The European union’s policy in the field of arms export controls

-General of the WEU) as well as the designation of Chris Patten as ‘Super-Commissioner’ for External Relations 6 are structural measures towards this objective. Despite some criticisms of federalists against the creation of the post of ‘Mr CFSP’ (Dehousse 1998 ), this solution of a Council–Commission tandem seems to be the only one able to reflect the consociational/confederal nature of the second pillar which makes it necessary to base it jointly on

in Rethinking European Union Foreign Policy
From the ‘militant’ to an ‘immunised’ route?

random. Although these are countries with profound historical, cultural and political distinctiveness, a comparison among them will serve the purpose because these countries have all experienced the varied phenomena of extremism and political violence in past decades and all were compelled to contend with the ‘paradox of the defending democracy’. Nevertheless, it is important to be aware of an important structural difference whose impact is central in regard to the methods of operation utilised by ‘defending democracies’. Unlike the United States and Germany, Israel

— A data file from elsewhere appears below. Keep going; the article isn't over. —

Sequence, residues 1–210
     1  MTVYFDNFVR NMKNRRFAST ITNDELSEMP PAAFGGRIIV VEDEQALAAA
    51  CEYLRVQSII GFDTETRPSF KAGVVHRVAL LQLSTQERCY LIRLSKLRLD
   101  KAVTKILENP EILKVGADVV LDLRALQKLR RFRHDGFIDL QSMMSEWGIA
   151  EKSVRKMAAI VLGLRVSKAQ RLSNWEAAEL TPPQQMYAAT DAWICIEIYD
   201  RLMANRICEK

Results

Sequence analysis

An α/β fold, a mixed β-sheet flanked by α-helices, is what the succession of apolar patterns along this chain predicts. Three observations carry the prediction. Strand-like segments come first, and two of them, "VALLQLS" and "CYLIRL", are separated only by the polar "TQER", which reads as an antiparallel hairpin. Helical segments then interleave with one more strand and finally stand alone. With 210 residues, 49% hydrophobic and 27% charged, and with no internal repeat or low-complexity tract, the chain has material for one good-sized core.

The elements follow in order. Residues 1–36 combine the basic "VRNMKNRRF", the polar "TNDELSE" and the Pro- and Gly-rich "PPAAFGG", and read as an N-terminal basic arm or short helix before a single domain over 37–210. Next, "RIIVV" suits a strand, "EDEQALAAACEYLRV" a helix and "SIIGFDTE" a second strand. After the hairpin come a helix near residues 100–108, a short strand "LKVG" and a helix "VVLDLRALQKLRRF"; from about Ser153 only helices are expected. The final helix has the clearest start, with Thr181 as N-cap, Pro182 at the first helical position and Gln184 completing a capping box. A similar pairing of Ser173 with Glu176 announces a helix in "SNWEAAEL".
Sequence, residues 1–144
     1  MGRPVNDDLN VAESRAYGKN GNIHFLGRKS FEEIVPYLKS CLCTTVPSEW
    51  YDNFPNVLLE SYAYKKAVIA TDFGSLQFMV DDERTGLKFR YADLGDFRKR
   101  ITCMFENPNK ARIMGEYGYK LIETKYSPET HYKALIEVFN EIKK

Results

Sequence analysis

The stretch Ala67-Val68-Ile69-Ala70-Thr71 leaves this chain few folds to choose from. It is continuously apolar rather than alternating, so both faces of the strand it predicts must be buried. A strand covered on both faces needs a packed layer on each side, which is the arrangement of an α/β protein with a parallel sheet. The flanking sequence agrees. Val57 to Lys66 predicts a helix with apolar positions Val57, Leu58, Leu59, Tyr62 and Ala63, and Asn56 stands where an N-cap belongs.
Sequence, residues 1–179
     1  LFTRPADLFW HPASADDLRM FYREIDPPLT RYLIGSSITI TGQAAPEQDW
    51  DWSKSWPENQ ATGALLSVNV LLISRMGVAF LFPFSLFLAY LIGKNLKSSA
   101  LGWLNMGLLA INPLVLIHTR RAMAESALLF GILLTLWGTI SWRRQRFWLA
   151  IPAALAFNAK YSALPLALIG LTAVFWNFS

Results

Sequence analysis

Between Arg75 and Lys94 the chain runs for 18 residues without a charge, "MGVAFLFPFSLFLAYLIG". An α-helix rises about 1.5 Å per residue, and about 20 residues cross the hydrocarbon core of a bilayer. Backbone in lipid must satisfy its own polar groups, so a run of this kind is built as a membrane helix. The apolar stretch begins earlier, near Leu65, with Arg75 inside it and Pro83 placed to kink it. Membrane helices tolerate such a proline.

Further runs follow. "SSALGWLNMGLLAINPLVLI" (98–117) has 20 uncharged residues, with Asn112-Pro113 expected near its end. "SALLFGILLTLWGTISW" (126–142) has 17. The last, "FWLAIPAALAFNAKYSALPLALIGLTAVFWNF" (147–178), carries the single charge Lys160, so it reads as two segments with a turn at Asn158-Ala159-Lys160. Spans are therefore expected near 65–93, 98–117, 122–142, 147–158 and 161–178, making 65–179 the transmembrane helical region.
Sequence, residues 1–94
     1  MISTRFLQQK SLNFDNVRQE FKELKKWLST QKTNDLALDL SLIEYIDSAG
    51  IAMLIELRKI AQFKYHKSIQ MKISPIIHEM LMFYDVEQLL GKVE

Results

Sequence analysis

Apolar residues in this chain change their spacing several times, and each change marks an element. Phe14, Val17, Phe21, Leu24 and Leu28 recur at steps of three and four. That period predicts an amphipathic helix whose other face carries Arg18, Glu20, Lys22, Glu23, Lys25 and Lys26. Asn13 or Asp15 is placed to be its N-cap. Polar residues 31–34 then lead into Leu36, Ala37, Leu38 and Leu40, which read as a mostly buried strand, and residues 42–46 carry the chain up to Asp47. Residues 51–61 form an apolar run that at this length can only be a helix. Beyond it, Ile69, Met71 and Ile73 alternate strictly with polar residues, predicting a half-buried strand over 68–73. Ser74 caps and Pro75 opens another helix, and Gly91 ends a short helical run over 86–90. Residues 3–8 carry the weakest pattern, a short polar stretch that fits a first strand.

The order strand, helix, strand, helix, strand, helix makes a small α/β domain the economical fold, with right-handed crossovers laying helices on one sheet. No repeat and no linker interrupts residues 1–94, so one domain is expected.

in The Israeli response to Jewish extremism and violence
New threats, institutional adaptations

Union, is now relatively ill-equipped to defend against or resolve the threats emanating from Eurasia to the Atlantic system of security governance, which had emerged over the course of the postwar period and is now facing a difficult transition to the post-Cold War environment. The changing nature of the security agenda and security dilemmas facing the states of Europe and North America make the transatlantic community increasingly vulnerable to threats originating outside its immediate geographic ambit, a point brought home to the United States on September 11 2001

in Limiting institutions?
Open Access (free)

structures: a deep-rooted structural crisis which prompted them to look above the nation-state itself as a means of resolving its acute legitimation problems. Underlying these criticisms is a belief that ‘new loyalties will arise in direct conflict with the nation-state’,57 opening up much wider horizons than those afforded by the latter. This is exactly what European federalists had in mind: that these multiple pressures on the nation-state would lead to the recognition that new democratic arrangements would have to be devised so as to meet the challenges of the post-1945

in Theory and reform in the European Union

meaning of history was therefore always to be refracted through the perspectives and needs of the present. With that in mind, after journeying through the work of John Dewey and his views on global democracy, it seems that we come to a logical set of questions concerning the relationship between Dewey’s time and our own. How are we to use his work for our own purposes? How does Dewey’s work help us contemplate and theorize our present form of globalization? And how does Dewey’s work inform an analysis of post-Westphalian ideas of global democracy in the twenty

in John Dewey